The Book of Daniel
The St. Nacho’s gay series is set in a small coastal California town where a group of interesting individuals live and for the most part get along peacefully. While there’s a little prejudice and bias, the laid-back community mostly accepts any and all who settle there.
In Maxfield’s Jacob’s Ladder, Yasha (AKA Jake) and his brother Daniel were in a horrific car accident caused by the coastal fog and Daniel was pulled out of his expensive sports car by firefighter Cameron Rooney, whom Daniel has nicknamed the “abdominal firefighter” because of his huge size. Daniel has recently come out and is in the process of divorcing his exacting, finicky wife whose many rules have kept Daniel bound and unhappy for decades. Although he’s known since his teens that he’s gay, successful, wealthy developer Daniel married because his mother was heartbroken when his brother came out, leaving Daniel as the only “normal” son.
After the accident, Daniel is left with a mangled but repaired hand, physical therapy, and a succession of one-night stands as well as a Kanji tattoo on his back. He’s fighting his attraction to Cam until they become best men at Yasha’s upcoming wedding. As they get closer, Daniel realizes he loves Cam. But how can someone as shallow and manipulative as he is gain the love or someone as gentle and giving as Cam? And even if Cam loved him, they’d have no future since Cam sees St. Nacho’s as his ultimate haven while Daniel sees it as a prison.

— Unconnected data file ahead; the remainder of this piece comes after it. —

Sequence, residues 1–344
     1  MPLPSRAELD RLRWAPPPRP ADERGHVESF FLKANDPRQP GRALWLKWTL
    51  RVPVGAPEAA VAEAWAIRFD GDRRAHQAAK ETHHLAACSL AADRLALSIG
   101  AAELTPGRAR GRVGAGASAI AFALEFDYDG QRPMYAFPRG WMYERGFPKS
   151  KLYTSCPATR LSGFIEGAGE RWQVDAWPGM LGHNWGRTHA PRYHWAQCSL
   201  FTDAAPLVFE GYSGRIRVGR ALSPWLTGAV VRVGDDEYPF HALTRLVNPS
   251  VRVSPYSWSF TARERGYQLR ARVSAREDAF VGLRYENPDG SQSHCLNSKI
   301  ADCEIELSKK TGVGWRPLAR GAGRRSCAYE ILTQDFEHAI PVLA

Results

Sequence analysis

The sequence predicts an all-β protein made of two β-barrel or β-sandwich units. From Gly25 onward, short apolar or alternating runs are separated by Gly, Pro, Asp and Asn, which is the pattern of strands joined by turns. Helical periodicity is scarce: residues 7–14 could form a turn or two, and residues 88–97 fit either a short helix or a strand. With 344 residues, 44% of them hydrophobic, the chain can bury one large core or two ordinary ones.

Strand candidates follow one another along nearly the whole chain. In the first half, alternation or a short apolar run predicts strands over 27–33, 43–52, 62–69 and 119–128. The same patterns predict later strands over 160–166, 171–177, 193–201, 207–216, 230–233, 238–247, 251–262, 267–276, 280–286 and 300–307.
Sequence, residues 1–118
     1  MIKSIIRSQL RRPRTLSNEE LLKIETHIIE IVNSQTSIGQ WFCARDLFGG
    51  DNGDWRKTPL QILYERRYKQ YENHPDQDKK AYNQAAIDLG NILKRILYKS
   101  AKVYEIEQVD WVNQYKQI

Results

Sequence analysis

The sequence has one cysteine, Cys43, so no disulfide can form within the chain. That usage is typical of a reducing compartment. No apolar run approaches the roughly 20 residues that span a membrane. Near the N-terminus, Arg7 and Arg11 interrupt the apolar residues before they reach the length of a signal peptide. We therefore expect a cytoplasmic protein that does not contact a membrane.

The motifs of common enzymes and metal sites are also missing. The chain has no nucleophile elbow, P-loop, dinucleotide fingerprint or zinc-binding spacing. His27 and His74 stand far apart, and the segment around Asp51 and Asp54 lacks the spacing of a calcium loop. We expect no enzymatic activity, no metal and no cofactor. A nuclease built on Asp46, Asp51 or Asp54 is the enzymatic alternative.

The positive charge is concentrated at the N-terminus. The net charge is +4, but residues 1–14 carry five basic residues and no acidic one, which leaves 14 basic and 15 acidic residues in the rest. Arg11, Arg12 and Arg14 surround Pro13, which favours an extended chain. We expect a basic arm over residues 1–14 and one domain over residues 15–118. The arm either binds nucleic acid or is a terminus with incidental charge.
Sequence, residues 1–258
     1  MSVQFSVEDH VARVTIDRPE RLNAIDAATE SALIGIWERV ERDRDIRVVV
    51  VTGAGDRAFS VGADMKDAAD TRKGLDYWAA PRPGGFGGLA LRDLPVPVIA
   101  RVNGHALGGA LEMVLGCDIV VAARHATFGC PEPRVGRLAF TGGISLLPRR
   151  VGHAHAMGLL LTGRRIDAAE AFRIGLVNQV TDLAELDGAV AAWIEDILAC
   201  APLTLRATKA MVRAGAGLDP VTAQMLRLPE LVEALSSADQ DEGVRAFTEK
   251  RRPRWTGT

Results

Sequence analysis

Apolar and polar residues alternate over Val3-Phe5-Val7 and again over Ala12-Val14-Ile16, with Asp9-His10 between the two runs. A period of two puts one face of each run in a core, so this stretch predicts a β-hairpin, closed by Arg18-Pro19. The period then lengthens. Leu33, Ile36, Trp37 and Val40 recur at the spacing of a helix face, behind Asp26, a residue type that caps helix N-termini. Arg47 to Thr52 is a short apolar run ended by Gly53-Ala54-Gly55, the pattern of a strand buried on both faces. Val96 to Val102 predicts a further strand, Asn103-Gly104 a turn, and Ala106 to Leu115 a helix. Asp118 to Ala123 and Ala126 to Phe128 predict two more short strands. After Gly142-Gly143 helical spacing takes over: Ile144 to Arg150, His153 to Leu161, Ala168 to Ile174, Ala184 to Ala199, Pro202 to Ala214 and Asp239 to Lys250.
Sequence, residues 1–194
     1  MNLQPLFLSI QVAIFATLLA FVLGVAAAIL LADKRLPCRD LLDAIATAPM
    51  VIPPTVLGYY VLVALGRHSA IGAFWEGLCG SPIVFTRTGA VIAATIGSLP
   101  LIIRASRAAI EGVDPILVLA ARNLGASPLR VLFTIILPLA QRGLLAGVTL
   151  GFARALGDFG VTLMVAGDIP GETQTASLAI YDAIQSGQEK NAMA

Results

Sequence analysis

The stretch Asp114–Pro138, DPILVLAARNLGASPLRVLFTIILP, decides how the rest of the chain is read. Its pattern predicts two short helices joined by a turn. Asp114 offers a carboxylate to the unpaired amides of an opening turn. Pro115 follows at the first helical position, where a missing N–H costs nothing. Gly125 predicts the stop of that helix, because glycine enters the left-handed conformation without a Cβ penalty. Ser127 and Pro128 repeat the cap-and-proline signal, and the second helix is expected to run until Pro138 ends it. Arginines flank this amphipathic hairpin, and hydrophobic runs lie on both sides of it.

The power of the story relies on readers liking both the wealthy Daniel and the altruistic, big-hearted Cam.
With the self-deprecating Daniel as narrator, this goal is a slam dunk. Daniel’s view of himself has obviously been shaped by his neurotic wife who loves the material things he can give her through his successful career. But since she doesn’t love him, he not only doesn’t love himself but also feels he’s essentially unlovable. Readers as well as Cam will immediately see through this untrue self-evaluation.
Larger than life Cam is just the person to change up Daniel’s personal and world views. His uncompromising solidness commands respect and admiration, and his unshakable belief in Daniel’s essential goodness demands that Daniel accept his viewpoint as the truth.
Together they challenge and will change readers’ preconceived notions about the culpability of a gay man who marries for the wrong reasons yet finally finds the courage to set himself and his spouse free. Not all gay men in heterosexual marriages are hiding, but some like Daniel are simply trying to placate someone they love, in this case Daniel’s mother.
This is another strong entry in a thought-provoking, engrossing and entertaining series.